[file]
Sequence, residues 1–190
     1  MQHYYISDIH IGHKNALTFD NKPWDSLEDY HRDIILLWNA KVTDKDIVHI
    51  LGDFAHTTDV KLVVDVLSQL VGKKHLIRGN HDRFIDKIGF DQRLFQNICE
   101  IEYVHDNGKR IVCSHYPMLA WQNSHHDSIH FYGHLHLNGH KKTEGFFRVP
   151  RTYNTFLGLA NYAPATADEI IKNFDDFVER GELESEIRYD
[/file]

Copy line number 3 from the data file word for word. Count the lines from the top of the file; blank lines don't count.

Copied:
    51  LGDFAHTTDV KLVVDVLSQL VGKKHLIRGN HDRFIDKIGF DQRLFQNICE